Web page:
Write every day. If you’re really serious about writing — I mean really serious; you’ve bought a new pen and everything — then writing is something you’ve got to commit to. (Or, as my grammar program is begging me to say – “… something to which you’ve got to commit.”) Writing is an exercise program for your mind, and just as you don’t get any benefits from no longer hopping on that $1500 treadmill you insisted you needed to get into shape and instead are now using to dry your sweaters, you need to exercise your writing muscle on a consistent, even unrelenting, basis, even whe
- [NOTE TO SELF: Will come back to finish this point after “Judge Judy.”]
Include a variety of sentence types. Most grammatical guides will claim there are four types of sentences:
- Simple sentences contain just one independent clause: “Santa loaded the sleigh.”
- Compound sentences contain two independent clauses: “Santa loaded the sleigh, and his wife baked cookies.”
- Complex sentences contain both an independent and dependent clause: “After Santa left to deliver presents, his wife staged an orgy with the elves.”
- Compound-complex sentences contain at least two independent and one dependent clause: “After Santa left to deliver presents, his wife staged an orgy with the elves, and then Santa came home to a kitchen empty other than for a plate of freshly-baked cookies.”
Including all of these sentence types in your writing will really increase your word count, and the paragraphs will practically write themselves. However, there is yet another type of sentence to consider: the suspended sentence. You use this when you want to generate suspense in your narrative:
- “Santa suspected his wife was cuckolding him during his yearly absences, so with a freshly-baked cookie in one hand and a .357 Magnum in the other, he snuck back into the workshop before anyone realized he had returned from his trip around the world.”
Use lots of adjectives. Those
venomous venereal venerable guides to the art of stylish writing, Strunk and White, command us to “[O]mit needless words.” I disagree. Which of the following statements do you feel makes its meaning clearer?
- “Get over here.”
- “Get your goddam ass over here NOW!”
I certainly had a clearer understanding of my father’s meaning when he beckoned me using the wordier version of that statement.
To prove my point, here’s a quote directly from Strunk and White: “The fact that is an especially debilitating expression.” Why do they say “especially debilitating?” The fact that they included a superfluous adjective suggests that even those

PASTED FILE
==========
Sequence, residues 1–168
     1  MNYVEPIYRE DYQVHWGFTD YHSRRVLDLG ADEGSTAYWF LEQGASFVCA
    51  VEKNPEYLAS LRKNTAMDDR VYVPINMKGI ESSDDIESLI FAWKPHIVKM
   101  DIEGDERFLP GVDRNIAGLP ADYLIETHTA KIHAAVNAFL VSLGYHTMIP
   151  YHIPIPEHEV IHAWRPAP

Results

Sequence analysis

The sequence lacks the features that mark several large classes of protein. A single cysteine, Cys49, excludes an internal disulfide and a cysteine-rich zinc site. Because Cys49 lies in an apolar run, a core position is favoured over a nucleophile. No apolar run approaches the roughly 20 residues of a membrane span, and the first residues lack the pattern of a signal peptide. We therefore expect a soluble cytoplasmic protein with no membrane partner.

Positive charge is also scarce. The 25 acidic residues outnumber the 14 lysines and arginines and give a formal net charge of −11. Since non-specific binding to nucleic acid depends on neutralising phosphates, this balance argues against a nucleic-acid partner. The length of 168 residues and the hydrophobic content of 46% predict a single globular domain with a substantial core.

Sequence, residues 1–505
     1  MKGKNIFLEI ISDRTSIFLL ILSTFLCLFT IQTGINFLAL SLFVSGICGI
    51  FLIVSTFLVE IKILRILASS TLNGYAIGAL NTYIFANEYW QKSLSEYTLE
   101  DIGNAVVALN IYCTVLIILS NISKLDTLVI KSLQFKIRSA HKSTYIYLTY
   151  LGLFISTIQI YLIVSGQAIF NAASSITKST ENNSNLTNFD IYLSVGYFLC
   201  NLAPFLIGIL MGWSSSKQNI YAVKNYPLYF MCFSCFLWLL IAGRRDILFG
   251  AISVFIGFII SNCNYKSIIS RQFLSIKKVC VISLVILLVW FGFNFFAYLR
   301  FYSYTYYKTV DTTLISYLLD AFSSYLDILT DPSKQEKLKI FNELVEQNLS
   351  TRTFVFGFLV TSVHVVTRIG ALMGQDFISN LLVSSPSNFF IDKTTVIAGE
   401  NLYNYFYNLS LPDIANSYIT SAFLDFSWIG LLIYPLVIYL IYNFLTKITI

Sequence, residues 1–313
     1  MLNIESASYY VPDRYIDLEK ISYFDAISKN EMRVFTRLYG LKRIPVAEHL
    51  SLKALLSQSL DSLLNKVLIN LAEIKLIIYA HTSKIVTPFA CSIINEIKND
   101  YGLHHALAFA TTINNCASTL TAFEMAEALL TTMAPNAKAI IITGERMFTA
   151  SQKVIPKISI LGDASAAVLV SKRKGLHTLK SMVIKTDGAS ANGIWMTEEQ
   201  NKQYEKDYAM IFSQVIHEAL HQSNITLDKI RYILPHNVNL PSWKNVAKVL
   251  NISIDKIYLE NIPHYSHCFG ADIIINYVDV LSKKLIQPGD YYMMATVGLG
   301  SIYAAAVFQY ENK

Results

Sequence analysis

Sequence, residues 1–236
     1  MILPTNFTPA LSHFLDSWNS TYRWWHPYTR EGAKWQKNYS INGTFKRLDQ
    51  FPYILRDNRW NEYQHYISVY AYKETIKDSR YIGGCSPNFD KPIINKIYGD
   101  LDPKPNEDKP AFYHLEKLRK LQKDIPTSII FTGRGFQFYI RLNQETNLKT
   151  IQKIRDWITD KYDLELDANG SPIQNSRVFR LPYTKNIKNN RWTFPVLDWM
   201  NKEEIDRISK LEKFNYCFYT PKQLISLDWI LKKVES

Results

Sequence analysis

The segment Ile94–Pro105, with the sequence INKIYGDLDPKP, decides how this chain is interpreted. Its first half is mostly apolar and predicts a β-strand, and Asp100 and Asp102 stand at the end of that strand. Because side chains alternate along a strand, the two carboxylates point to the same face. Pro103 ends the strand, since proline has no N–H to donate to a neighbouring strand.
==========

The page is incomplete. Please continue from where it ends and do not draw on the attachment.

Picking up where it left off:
degenerate venerated champions of clarity in word choice sometimes felt the need to be very emphatic.
(Strunk also objected to the use of “very,” calling it and other similar modifiers — rather, little, pretty — “leeches that infest the pond of prose.” But believe me — I would be very hesitant to go swimming in a pond filled with leeches. Especially prose-infested leeches.)
Be open to criticism. After publishing my first book, I received a number of laudatory, 5-star reviews on Amazon — along with a 1-star review from someone who expressed his profound disappointment with it. Instead of being crushed, I carefully considered his online response, reflected upon what I could have done differently, and then tracked his IP address in order to find his physical location so I could leave a flaming sack of dog shit on his front porch. Without his candid assessment of my work, I never would have found the courage to express my thoughts in that way.
Compare my insights above against what other “successful” writers have said about the process:
- Jack Kerouac: “It ain’t whatcha write, it’s the way atcha write it.”
- I believe Kerouac’s amphetamine habit led to the term “speed typist.”
- Margaret Atwood: “A word after a word after a word is power.”
- But not just any any any word.
- Maya Angelou: “There is no greater agony than bearing an untold story within you.”
- I guess she never passed a kidney stone.
Upon reflection, maybe there are some advantages to my remaining very obscure. Especially after offering you this debilitating insight into my process.